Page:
The Man Who Sold the Moon (short story collection) – Robert Heinlein – Sept 7, 2017

The Five Love Languages – Gary Chapman – Sept 8, 2017

Ingress Origins – Niantic – Sept 16, 2017

Digitesque: Second Contact – Guerric Haché – Sept 28, 2017

Old Man’s War – John Scalzi – Oct 7, 2017

The Ghost Brigades – John Scalzi – Oct 17, 2017

Seven Against Chaos – Harlan Ellison, Paul Chadwick, Ken Steacy – Oct 18, 2017

The Crying of Lot 49 – Thomas Pynchon – Oct 26, 2017

The Sundered Realm, The War of Powers #1 – Robert E. Vardeman, Victor Milan – Nov 2, 2017

Stephen King – It – Nov 16, 2017

Debugging Teams: Better Productivity Through Collaboration – Brian Fitzpatrick & Ben Collins-Sussman – Dec 9, 2017

Crysis Legion – Peter Watts – Dec 23, 2017

Artemis – Andy Weir – Dec 24, 2017

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Wonderful Projects I Did With Microsoft’s Kinect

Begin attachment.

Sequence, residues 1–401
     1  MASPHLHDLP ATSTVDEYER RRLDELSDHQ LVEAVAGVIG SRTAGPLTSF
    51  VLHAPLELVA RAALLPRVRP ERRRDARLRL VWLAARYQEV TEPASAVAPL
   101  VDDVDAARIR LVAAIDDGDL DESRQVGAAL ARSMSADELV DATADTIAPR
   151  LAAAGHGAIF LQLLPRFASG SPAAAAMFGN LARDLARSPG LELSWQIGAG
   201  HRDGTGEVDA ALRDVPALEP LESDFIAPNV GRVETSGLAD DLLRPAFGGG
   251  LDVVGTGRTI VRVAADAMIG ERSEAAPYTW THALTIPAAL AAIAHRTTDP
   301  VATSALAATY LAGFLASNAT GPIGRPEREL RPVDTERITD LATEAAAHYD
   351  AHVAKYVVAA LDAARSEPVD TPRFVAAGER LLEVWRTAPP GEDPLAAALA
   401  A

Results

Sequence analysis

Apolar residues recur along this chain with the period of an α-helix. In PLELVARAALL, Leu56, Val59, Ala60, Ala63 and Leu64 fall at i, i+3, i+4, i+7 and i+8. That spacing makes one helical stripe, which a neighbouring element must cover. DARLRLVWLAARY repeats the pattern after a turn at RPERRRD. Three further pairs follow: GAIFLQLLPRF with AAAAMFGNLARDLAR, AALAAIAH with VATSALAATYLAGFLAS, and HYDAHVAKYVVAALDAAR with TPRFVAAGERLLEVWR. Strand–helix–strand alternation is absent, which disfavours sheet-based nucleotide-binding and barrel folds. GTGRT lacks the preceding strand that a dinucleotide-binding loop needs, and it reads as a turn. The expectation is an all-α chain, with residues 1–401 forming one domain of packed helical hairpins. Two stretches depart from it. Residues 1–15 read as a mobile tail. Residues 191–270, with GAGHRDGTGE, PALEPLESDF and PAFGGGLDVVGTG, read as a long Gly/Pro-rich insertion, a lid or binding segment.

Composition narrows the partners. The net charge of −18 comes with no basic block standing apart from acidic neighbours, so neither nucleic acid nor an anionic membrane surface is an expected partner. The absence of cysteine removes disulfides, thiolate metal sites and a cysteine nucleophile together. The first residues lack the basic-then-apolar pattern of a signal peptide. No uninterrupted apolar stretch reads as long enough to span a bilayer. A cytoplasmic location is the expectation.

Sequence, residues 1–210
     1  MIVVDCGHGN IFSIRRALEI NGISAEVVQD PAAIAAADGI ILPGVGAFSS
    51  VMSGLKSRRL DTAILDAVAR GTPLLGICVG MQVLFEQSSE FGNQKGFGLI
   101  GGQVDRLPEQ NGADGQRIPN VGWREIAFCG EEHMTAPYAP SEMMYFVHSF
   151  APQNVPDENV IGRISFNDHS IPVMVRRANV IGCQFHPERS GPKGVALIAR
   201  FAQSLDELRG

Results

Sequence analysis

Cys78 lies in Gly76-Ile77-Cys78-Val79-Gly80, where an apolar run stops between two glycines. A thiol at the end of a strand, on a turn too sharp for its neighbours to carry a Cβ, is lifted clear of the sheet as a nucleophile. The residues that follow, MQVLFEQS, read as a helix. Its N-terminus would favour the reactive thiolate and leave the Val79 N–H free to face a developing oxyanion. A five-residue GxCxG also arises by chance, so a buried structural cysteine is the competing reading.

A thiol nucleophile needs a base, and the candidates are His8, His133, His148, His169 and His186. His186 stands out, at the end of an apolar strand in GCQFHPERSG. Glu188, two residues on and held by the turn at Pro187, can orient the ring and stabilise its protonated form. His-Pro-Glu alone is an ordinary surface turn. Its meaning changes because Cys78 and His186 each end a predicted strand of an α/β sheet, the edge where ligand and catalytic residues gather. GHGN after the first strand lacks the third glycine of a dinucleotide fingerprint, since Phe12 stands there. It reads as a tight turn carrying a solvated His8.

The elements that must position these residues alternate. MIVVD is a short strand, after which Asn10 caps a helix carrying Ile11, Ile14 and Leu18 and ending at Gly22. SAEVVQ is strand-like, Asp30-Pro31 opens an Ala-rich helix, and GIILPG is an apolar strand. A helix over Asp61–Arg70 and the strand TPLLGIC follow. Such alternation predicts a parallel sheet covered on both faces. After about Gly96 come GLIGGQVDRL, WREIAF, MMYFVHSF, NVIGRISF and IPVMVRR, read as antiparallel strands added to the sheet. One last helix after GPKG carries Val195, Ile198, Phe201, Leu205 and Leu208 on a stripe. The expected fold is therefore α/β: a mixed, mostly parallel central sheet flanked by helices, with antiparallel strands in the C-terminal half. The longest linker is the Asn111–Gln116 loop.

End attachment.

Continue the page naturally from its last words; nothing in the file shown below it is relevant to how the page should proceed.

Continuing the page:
Microsoft has ceased manufacturing the Kinect. Here’s some projects, art and research, academic and industrial, that I could only have done with the Kinect.

The Role of Physical Controllers in Motion Video Gaming, 2011:
Paper here.
Video here
A study where I empirically compared the cognitive/physiological effect of Wii-style versus Kinect-style versus hypothetical 6-dof controller-style (cough VR) motion video gaming.
Inside scoop: Even though this work was at Microsoft Research, I actually did this work before a Windows SDK for the Kinect was actually available, even internally. So, my first week of work was building a system that streamed Kinect data from developer Xbox hardware to a PC. Thus began my long history of hacking novel hardware and software to make interesting demos before it should be feasibly possible. I even had the Kinect for Windows SDK team ask me later how I did it, assuming I’d somehow done their work already for them!

Kinect Fusion, some of the first real-time SLAM in 2011:

I’m in the video demoing some of the capabilities from 6:00 – 6:40

Tweetris, 2011: